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Erdem Gunduz at Taksim Square in Istanbul

Lotte van Geijn

In the story of David and Goliath I always forget who is who. Is David the giant and Goliath the shepherd boy? Or is David the shepherd boy and Goliath the giant?

I am standing in front of a huge statue. It is a man with a bag in one hand and a jacket loosely in the other.  He looks like he just got back from work, walking home, but suddenly decided to go into another direction. Tomorrow, he will not follow the same route to work again. Tomorrow, everything will be different. Behind this huge statue is a small army of green figures. Toy soldiers. We kneel down to look at them closely. I feel your breath on my face. Suddenly a soldier stumbles and within a domino effect the start to fall. This place makes me rebellion. We put the plastic soldiers back on their feet: ‘Back in line.’ One stubborn plastic soldier keeps looking at you. We decide to let him be different.
blikvanger #55-1I am in the prestigious building of the Rabobank in Utrecht. Men in tight suits. A woman asks us if we would like a coffee, a tea or perhaps an audio-tour. On the wall is written: ‘Images are easier to consume than to understand.’ We eat images like hungry insatiable wolves.

Statue at Rabobank

The Statue (is it David or  Goliath?) is exactly five meters and sixteen centimeters high, a centimeter smaller than Michelangelo’s David. The master is unbeatable the Spanish artist Fernando Sánchez Castillo seems to say. The statue is produced by a huge 3D printer. A fascinating process, seen at the video presentation, but it undermines the myth. Wondering how an artwork is made is an important part of his myth.

The statue is a personification of the unknown man at the Tiananmen Square in China. Who stood in front of the army tanks twenty-five years ago. By taking the average of many different faces of Chinese students he constructed the face of the statue. The silent power of one man, just standing. The statue immediately reminded me of the protest at the Taksim Square in Istanbul by the  artist Erdem Gunduz. He decided to stand at the square for eight hours and look at the statue of Kemal Atakurk. Protest in the most peaceful way. The power of one man against the huge system seems pointless, but it is certainly not. It goes beyond the person itself, leaving his ego behind, understanding the temporariness of human life and realizing that he is just an small link in the huge chain of history and future. Yet, he can make the difference. ‘I’m nothing. The idea is important.´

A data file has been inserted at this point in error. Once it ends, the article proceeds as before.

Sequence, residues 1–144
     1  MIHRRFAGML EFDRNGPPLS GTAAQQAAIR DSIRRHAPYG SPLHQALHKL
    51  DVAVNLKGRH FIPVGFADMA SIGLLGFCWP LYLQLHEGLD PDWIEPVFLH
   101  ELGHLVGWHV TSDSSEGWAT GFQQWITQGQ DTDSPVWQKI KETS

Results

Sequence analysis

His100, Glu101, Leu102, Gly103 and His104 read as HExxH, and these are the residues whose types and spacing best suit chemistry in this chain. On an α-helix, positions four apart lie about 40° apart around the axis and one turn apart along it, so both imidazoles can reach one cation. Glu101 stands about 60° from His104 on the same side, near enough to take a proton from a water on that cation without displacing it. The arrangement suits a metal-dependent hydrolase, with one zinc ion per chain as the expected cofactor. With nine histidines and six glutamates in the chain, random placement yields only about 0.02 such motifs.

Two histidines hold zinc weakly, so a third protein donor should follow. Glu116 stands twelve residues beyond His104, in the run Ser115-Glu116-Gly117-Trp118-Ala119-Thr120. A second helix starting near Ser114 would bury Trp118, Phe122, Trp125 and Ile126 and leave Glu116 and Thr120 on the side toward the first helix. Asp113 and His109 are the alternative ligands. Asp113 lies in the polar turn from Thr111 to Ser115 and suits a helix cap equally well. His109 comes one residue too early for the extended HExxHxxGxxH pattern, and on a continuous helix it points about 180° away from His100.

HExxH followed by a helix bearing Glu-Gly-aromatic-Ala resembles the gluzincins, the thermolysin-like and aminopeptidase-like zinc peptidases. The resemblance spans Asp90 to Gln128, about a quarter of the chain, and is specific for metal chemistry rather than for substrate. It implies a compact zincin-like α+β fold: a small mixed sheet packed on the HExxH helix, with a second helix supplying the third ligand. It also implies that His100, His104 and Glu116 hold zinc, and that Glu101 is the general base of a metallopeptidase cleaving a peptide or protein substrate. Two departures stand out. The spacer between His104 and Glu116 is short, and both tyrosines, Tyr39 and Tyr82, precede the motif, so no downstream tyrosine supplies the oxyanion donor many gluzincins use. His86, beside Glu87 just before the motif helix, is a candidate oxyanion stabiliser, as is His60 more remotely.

The small, Chinese man against the enormous row of army tanks is now standing as a huge, white David (or Goliath) statue here in front of me. I walk around him. His anonymity makes it possible for all of use to identify with him. I realize than I am standing in the building of a bank. This place and the artwork seems to clash. Or aren’t they in conflict? What is it that the bank tries to tell us? Because of your presence I’m more aware of this contrast.

Images are easier to consume than to understand.  Is it the same for:
Places are easier to consume than to understand. Or:

Statues are easier to consume than to understand.

Goliath is the giant and David is the shepherd boy. The Spanish artist has made the Chinese David as big as the giant Goliath would be. That could be an symbol for the power of his intelligence, but the huge Chinese statue is funny because of his bulky size. This is definitely not improving the meaning of the artwork. The David of Michelangelo is also a representation of David the shepherd boy of the myth about David and Goliath. I’m wondering how big would have been the statue of the giant Goliath?

With a statue of David at human-size it would be easier to identify with. I don’t think it is the time to make big statues to worship persons. Everybody can still remember the statue of Saddam Hussein pulled down on the Firdos Square in Baghdad at 2003.

Henk Barendregt is professor Mathematics and a Vipassana-mediation teacher. He’s not a missionary of Buddhism, but believes that consciousnesses deserves more scientific attention, said once: ‘(…) .. The term ‘meme’ (…) it is transferable knowledge, an idea that you can meme, memorize. (…) I think that the capability to let go the attachment to the ego is a meme, a skill that we need to acquire. (…) specially the addiction to the self. (…) as long as we have not realized that the ego is a process, a complicated process, we will try to defend that you is a fixed state: and this goes together with fighting and suffering. With this illusion we fight wars (…) The I is the very cause of madness and war.”

I have to return to the great founder and inspiration of nonviolent protest, Mahatma Gandhi. At the Churchilllaan in my hometown Amsterdam, crossing the Scheldestraat I found his statue. It looks  small to me, but when I put my hand next to his, I realize that the statue is at human size.

blikvanger #55.4
Lotte’s weekly Dutch blog about artworks that caught her eye can be seen at:

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